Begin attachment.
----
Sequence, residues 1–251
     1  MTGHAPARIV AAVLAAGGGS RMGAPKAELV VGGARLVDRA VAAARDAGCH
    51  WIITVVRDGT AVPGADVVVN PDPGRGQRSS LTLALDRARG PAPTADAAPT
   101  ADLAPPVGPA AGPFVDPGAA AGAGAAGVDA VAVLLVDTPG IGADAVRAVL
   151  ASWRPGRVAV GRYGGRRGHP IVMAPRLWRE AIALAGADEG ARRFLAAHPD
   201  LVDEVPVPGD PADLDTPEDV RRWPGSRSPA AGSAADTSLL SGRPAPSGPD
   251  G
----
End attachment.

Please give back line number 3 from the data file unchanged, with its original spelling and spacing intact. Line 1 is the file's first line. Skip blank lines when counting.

    51  WIITVVRDGT AVPGADVVVN PDPGRGQRSS LTLALDRARG PAPTADAAPT